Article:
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Wednesday, 8 May 1985
Page: 1560

Senator ROBERT RAY(6.01) —The first question to be addressed regarding Senator Lewis's motion-he did not address it at all-is why this paper should be discussed today and not tomorrow. The normal procedure when dealing with Government papers is that if a particular paper is not reached, as with the electoral redistribution papers during the last sitting, it is considered on the first Thursday following. Honourable senators opposite will have ample opportunity to do that tomorrow. Of course, Senator Peter Rae has given us the answer to that question. Opposition senators want to grandstand on radio. It is not good enough for them to discuss these matters if they are not on radio.

Senator Lewis —The people want to hear what we have to say.

Senator ROBERT RAY —Senator Lewis interjects that people want to hear what he has to say. What has Senator Lewis said about the dairy industry in the last two years? Absolutely nothing. Senator Grimes has pointed out that we have had 20 sitting days this session. What have honourable senators opposite said on this matter? Absolutely nothing. They had the opportunity three or four times today to take the necessary steps to have this matter debated. When they were notified about the papers that would be put forward this morning, they could have moved for the re-ordering of the presentation of those papers. They did not do so. They had the opportunity to raise this issue as a matter of public importance. They did not do so. They did not raise the matter when they had the opportunity in the last 20 sitting days. What has happened is that Opposition senators have come in here today and said: 'We probably do not have the numbers for the suspension of Standing Orders but, nevertheless, we have to do something to look as though we are doing something'. It is no coincidence that today members of the United Dairyfarmers of Victoria have been here in Canberra. I ask Senator Lewis whether he denies that they have seen him.

Senator Lewis —Of course they have seen me.

Senator ROBERT RAY —They have put the needle into Senator Lewis, and he suddenly comes in here and says: 'I will show you what a valiant fighter I am for the people from the bush'. Senator Collard should not smile. What Senator Lewis is about, like all Victorian Liberals, is trying to prove that the Liberals are the real representatives of the country people in Victoria. The Senator Lewises of the world despise the National Party of Australia. They despise the Victorian National Party, especially in Warrnambool, where Senator Lewis comes from. That is why we have had those vicious three-cornered contests in the last two elections. What Senator Lewis is about, without going into the depth and the detail of matters he knows nothing about, is trying to pretend that he has some sort of influence in the rural area. That is absolute rubbish. Senator Lewis has had his chance. Senator Chaney has had his chance to raise any of these matters through urgency motions, through matters of public importance, or by any other means, and they have not done so.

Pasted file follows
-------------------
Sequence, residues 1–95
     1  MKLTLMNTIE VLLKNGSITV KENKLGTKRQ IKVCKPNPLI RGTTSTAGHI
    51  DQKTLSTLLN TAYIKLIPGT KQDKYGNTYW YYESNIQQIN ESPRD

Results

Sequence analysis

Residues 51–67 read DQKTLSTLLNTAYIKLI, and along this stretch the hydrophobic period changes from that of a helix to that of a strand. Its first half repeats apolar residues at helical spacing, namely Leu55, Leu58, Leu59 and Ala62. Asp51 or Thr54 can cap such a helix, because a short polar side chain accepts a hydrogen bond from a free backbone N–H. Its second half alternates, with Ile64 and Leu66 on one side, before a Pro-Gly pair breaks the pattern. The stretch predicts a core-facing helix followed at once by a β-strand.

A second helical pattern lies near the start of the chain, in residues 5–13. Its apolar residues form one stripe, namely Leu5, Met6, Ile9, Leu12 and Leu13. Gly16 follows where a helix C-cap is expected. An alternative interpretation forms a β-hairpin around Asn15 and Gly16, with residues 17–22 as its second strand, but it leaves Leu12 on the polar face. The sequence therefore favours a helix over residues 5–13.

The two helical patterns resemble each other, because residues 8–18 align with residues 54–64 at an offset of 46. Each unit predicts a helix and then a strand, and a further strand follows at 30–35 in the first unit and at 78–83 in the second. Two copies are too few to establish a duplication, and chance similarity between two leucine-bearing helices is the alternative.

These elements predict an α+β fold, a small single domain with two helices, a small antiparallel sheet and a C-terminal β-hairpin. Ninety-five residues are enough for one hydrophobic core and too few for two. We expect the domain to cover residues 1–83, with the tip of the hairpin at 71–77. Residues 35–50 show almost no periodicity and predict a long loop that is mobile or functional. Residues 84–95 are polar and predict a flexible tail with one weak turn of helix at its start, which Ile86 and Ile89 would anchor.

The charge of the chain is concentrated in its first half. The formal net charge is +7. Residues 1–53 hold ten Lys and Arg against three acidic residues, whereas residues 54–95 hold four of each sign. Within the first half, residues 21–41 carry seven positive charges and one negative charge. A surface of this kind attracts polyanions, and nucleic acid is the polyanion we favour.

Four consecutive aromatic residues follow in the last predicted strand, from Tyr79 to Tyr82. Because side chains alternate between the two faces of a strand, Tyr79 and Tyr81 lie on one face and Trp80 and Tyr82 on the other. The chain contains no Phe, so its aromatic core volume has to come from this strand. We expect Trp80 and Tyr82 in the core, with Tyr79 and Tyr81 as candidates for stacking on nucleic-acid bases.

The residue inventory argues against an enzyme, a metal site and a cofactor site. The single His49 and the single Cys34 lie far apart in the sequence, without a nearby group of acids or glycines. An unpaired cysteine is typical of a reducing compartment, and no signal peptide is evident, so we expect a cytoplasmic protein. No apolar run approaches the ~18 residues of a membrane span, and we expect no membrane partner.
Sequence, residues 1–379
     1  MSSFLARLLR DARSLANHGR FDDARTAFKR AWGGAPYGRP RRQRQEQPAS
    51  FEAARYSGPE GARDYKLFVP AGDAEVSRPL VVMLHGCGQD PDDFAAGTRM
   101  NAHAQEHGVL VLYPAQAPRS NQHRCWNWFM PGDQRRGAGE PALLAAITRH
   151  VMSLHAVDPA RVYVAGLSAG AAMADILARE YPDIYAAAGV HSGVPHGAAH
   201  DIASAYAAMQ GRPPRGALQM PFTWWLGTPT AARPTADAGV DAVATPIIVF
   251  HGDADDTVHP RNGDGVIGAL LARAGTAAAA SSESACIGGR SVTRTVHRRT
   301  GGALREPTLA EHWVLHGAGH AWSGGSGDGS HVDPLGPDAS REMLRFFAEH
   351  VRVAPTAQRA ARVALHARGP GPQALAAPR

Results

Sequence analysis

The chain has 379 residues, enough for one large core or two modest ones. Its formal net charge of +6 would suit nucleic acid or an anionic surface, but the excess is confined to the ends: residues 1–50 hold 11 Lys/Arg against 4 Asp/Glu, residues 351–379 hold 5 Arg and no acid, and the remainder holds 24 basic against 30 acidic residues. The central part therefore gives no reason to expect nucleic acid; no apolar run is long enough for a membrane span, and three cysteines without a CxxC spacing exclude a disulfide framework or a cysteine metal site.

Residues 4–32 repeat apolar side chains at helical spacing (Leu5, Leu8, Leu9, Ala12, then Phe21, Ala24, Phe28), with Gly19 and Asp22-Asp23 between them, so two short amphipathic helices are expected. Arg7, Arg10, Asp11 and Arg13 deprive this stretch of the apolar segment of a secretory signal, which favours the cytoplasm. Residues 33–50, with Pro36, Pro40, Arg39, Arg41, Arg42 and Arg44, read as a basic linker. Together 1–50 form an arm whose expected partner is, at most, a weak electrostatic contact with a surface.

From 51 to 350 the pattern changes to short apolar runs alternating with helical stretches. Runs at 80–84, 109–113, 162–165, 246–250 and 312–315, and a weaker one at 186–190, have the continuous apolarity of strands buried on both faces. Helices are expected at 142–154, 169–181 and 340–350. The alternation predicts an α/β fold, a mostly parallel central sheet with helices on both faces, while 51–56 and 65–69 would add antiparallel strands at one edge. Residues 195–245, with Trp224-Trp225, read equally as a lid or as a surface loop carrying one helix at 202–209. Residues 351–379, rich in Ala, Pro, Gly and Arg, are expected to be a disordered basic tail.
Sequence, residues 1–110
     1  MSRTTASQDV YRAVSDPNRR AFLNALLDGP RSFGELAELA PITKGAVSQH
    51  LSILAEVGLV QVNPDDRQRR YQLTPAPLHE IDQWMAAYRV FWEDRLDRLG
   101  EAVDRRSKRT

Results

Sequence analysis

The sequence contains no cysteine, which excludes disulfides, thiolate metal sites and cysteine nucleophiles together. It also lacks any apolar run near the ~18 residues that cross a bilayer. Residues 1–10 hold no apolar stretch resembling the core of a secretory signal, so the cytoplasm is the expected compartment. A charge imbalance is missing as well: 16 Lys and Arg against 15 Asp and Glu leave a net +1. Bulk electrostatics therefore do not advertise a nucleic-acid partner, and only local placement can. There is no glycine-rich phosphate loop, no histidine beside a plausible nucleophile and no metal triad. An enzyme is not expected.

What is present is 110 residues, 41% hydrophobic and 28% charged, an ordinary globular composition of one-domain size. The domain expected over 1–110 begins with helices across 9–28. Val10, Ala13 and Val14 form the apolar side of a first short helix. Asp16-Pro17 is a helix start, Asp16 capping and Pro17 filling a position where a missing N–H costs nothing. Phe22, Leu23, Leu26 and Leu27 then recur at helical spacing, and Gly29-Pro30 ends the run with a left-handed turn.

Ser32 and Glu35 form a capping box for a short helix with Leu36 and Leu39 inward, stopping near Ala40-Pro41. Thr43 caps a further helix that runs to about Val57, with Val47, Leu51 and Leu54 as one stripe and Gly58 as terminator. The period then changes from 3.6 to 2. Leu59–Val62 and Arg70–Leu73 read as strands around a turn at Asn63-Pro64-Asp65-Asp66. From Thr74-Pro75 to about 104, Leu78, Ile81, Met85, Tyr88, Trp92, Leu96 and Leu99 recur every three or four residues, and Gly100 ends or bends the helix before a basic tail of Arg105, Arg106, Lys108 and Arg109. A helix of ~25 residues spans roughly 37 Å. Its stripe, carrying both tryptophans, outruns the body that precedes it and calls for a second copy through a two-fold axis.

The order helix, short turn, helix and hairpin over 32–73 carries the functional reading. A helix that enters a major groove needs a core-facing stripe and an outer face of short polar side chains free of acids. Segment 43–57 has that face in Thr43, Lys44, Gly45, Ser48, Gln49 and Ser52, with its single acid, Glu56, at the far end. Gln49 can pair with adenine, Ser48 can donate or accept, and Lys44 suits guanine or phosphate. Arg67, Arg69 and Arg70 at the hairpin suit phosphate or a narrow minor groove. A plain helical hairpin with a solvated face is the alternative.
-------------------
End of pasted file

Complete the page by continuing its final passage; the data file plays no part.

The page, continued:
Apparently I missed what narked honourable senators opposite and started them off. They did not approach us and say: 'Look, this is an important issue. Can we debate it here today?'. Not one of them did that. That is the normal procedure, is it not? Instead, they came in and used ambush tactics to move the suspension of Standing Orders in order to make a contribution on a matter that can be dealt with tomorrow. If they are not willing to deal with this matter tomorrow, to give up their two hours tomorrow, and there are only 55 minutes left today, that does not say much for their concern about this issue. Senator Lewis came in and built the grandstand. Senator Chaney painted it, saying that this was an important issue and that we all should be in the chamber, and then walked straight out the door. I am glad he is back to listen to the debate.

If Opposition senators are serious about the urgency of this issue, if they are fair dinkum, they may as well put it to the vote now and have their 55 minute debate, if they can win the vote. But, no, they will not do so. They will have more speakers. They will filibuster, just so they will not have to discuss the fine details of the issue. They have no intention of doing that. We know that. They are just here to grandstand. There were ample opportunities available today for this matter to be discussed. None of them was pursued. I can imagine, when we sat on the opposition benches, how much sympathy we would have got if we had said we wanted more time to discuss Government papers. Senator Sir John Carrick would have got up and just brushed us aside.